When riding along a city road or street, if there’s a car waiting to pull out from a turning, how do you know he’s seen you? Are you sure the driver is aware that you’re there, coming his way, ready to cut his car in half with 200 kg of powerful bike and fly over his roof like a rag doll, sending his no claims bonus 10 years into the future? Ruining your life and his day – No? Then don’t go past him, slow down until you are sure, stop if you have to. I’ve done this many times, and every time been glad to do it. OK he may have seen you, but now at least he knows that I don’t think he’s seen me, and that cost him another 10 seconds while he had to wait for me to go past at a greatly reduced speed.
You will recognise the driver who doesn’t want to stop at the junction and keeps his wheels rolling waiting for you to go past, I slow down and often stop for them as well, have a good look at them, and hope they get the idea that they’d have been able to pull out earlier in the long run if they’d just stopped. I like my life as it is thanks, I’m not letting an impatient idiot ruin it for me if I can help it.
Just because the idiot has his face turned towards you, doesn’t mean he’s seen you or is aware that he’s seen you. Learn to see it in the eyes, once you’ve seen the recognition in his or her eyes, then you only have to trust him not to let his foot slip off the clutch.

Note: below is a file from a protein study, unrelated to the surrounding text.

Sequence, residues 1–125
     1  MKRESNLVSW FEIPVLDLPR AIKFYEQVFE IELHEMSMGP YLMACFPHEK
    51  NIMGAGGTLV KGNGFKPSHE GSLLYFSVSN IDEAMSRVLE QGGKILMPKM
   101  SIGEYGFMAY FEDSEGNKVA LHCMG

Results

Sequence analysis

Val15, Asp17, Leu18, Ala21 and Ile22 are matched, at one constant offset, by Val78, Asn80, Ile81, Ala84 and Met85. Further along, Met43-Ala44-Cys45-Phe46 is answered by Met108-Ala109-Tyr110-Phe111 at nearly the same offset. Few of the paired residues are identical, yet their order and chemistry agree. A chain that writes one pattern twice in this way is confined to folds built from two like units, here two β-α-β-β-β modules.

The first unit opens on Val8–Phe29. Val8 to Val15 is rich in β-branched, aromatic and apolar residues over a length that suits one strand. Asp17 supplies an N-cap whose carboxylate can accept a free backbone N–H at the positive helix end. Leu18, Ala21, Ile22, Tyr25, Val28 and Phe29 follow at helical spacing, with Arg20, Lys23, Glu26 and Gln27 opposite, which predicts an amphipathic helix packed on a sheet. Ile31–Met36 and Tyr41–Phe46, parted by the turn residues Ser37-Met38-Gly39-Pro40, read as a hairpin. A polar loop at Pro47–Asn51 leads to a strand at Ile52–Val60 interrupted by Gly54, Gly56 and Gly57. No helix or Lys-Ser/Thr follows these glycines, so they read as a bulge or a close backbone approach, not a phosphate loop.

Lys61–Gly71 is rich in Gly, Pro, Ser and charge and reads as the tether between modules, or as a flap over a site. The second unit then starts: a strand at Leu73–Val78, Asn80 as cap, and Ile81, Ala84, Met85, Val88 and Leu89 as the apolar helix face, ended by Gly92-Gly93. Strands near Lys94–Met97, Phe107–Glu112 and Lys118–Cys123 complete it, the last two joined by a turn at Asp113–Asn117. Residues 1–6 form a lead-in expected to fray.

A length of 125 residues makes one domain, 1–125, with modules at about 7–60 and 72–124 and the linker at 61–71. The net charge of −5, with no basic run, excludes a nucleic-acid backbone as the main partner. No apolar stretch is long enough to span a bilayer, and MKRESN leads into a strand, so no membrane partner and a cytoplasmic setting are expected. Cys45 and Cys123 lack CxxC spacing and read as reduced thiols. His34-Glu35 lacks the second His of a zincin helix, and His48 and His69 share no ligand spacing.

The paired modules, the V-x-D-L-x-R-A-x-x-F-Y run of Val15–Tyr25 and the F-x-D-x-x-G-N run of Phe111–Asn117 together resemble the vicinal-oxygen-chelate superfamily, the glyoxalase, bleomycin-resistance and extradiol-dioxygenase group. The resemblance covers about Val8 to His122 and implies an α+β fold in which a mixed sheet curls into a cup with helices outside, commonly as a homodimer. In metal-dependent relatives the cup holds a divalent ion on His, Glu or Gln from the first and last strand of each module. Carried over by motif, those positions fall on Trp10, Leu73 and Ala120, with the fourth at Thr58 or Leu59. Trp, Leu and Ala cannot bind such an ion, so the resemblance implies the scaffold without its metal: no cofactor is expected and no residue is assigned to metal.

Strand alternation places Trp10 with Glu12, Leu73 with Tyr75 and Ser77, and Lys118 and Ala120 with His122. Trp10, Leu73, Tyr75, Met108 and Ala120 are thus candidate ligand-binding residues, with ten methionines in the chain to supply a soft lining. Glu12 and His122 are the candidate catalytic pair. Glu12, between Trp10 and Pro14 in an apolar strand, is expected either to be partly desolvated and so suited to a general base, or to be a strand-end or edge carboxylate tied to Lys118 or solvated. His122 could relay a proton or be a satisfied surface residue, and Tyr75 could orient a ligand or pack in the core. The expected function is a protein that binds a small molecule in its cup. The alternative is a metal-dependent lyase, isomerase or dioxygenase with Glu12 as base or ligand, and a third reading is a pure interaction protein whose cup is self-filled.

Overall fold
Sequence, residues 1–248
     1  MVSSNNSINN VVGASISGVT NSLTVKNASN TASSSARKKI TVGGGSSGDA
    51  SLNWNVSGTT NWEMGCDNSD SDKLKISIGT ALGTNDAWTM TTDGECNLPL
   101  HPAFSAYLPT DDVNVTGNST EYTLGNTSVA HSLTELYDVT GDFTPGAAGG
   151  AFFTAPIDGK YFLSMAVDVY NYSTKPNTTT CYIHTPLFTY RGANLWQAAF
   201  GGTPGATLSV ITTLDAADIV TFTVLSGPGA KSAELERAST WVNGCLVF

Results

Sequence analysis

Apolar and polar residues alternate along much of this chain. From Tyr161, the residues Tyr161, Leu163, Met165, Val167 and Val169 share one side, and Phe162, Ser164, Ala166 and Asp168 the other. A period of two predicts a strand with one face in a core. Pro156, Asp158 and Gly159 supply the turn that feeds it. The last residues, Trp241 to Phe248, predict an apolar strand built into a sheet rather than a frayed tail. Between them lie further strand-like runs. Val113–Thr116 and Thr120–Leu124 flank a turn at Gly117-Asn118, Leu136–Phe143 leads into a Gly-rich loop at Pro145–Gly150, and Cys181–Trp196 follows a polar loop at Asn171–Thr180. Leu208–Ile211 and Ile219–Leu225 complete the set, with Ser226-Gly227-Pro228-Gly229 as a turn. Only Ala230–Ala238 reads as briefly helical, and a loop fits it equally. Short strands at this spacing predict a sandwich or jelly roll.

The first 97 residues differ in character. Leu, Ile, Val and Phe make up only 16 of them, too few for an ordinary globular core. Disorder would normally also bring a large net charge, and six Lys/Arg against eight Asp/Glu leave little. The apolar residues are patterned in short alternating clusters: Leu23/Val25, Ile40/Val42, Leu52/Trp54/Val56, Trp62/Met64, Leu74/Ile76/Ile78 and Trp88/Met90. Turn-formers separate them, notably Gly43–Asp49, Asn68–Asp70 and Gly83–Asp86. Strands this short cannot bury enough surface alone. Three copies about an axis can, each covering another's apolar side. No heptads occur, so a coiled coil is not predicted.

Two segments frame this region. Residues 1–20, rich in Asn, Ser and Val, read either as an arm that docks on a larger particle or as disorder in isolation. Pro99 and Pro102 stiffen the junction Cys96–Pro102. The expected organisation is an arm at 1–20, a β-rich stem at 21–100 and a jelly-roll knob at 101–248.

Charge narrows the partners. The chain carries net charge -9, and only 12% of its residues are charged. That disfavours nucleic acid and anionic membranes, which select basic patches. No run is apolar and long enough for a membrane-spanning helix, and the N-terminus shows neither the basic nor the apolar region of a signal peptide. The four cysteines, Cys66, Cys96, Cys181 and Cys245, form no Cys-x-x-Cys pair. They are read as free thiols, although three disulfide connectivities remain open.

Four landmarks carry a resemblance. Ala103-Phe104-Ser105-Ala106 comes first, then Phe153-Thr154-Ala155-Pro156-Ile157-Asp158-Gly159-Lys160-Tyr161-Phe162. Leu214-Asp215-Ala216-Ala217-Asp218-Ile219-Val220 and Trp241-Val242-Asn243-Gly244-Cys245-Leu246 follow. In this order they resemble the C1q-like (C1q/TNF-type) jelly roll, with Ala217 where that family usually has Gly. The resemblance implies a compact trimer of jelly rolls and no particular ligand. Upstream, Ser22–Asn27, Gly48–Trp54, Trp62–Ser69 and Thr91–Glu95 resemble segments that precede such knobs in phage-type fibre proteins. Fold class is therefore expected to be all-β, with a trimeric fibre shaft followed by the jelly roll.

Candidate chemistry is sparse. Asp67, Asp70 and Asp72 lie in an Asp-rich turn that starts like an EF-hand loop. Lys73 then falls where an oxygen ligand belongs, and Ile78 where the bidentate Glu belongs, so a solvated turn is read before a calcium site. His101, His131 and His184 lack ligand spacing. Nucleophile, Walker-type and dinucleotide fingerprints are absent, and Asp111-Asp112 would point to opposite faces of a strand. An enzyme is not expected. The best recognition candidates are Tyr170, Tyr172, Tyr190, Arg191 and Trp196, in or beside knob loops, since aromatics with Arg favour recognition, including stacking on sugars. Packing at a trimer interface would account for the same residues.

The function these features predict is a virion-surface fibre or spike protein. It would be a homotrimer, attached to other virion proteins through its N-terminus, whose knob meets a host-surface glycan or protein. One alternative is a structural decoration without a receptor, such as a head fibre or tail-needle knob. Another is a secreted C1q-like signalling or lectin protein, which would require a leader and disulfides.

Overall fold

My friend Alistair who’s an awesome rider, really, can do things on a bike that I can’t dream of doing in this lifetime or the next, (he’s a stunt rider) has a theory that I think is a good one, as used by fighter pilots, and called the ‘corridor’. The pilot will have a smooth approach to an attack, straight line, constant speed and attitude, and this makes him and his plane much harder to detect as it approaches – it’s just an object growing. So, Al does the opposite, he makes a slight weave as he’s approaching a turning where a car is waiting to pull out, not like a racer warming up tyres, just a slight deviation from the corridor, and that is enough to to get him seen, really seen.
Good one Al, hope you don’t mind me sharing your gem here.
Don’t rely on this on its own though, be sure by looking in the eyes, really try, it will become second nature and automatic.